• Certain leases provide tenants with security of tenure rights under the Landlord and Tenant Act 1954, which allow business tenants to renew their lease at the end of the term. There is no such right in a serviced office agreement.
  • Traditional leases often involve negotiations between landlords and tenants, providing an opportunity to tailor the terms to better suit the specific needs of the business. This can include negotiating rent increases, break clauses, and notice requirements. Businesses can work with legal professionals to draft a lease agreement that specifically addresses their concerns, ensuring that important terms related to maintenance, repairs, and other responsibilities are clear and mutually agreed upon.
  • Leases are extensive documents that work on covering numerous events for the duration of the lease term, whereas serviced office agreements are frequently tailored to the owner’s requirements and may be silent in terms of any remedies a licensee may have in case the owner breaches its obligations.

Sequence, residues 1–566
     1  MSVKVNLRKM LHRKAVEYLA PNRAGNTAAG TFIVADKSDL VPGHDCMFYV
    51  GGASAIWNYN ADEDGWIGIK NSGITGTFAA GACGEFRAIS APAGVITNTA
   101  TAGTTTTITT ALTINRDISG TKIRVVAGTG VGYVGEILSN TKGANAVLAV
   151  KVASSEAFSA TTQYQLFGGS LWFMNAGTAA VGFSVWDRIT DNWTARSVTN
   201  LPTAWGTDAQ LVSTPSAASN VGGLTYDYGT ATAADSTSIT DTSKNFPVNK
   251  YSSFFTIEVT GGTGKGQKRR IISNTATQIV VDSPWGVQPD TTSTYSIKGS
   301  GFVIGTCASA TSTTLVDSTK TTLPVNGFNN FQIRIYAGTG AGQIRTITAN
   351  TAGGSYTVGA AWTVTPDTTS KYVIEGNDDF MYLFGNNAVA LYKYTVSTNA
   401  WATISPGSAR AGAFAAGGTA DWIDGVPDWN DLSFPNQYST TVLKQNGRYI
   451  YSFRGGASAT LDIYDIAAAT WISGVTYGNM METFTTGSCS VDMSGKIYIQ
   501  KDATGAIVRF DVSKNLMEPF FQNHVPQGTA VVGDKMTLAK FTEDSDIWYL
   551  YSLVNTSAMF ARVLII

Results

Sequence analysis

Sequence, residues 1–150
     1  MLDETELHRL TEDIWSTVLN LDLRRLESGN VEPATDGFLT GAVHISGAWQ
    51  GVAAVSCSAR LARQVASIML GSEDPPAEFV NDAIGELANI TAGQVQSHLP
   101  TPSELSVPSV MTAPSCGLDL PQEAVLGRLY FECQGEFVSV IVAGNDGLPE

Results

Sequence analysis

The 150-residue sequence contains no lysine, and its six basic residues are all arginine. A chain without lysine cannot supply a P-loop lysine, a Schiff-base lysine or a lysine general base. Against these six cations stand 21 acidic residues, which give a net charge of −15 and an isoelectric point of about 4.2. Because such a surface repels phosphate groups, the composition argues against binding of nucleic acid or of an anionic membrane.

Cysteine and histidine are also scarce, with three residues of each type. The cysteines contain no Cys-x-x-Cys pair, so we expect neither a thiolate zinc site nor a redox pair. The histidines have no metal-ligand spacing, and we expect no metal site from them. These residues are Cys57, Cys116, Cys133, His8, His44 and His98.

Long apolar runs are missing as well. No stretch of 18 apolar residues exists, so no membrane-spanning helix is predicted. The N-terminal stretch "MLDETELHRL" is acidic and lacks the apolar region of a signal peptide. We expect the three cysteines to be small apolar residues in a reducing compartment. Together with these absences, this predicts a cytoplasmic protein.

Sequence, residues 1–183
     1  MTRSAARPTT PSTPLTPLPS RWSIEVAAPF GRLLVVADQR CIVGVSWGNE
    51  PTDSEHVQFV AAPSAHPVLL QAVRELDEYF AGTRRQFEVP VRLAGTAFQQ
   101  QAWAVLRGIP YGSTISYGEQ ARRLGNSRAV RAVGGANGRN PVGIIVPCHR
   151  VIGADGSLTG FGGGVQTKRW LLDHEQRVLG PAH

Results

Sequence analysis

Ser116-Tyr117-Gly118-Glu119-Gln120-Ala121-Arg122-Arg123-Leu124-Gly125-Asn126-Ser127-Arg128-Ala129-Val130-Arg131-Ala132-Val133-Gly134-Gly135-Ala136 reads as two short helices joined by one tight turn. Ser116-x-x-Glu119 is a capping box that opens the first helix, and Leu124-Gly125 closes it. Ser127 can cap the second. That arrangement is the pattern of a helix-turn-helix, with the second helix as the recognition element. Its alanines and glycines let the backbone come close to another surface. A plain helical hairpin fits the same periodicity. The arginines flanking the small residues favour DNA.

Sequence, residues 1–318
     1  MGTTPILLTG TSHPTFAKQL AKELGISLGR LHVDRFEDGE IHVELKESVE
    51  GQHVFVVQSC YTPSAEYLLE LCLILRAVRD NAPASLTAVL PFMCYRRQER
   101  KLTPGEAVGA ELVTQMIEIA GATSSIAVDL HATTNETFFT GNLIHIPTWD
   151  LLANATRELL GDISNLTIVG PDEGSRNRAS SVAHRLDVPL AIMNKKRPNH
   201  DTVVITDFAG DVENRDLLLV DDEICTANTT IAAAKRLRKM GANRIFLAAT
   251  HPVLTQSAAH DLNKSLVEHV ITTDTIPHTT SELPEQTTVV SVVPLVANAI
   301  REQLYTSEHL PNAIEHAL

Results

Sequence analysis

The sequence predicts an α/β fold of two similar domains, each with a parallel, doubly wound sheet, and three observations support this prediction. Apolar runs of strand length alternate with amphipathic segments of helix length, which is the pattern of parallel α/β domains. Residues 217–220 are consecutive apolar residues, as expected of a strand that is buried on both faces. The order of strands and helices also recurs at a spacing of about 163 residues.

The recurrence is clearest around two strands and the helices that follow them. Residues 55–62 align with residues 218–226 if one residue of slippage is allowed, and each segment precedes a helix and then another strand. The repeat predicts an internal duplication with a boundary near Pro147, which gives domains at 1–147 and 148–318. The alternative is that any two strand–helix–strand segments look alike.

• To stay true to being a licence, a serviced office agreement will have a version of a ‘lift and shift’ provision, meaning the business can be moved around the serviced office, and the space being let will not be exclusive to the business – other occupants and the provider will be able to pass through it.

What to look out for in a serviced office agreement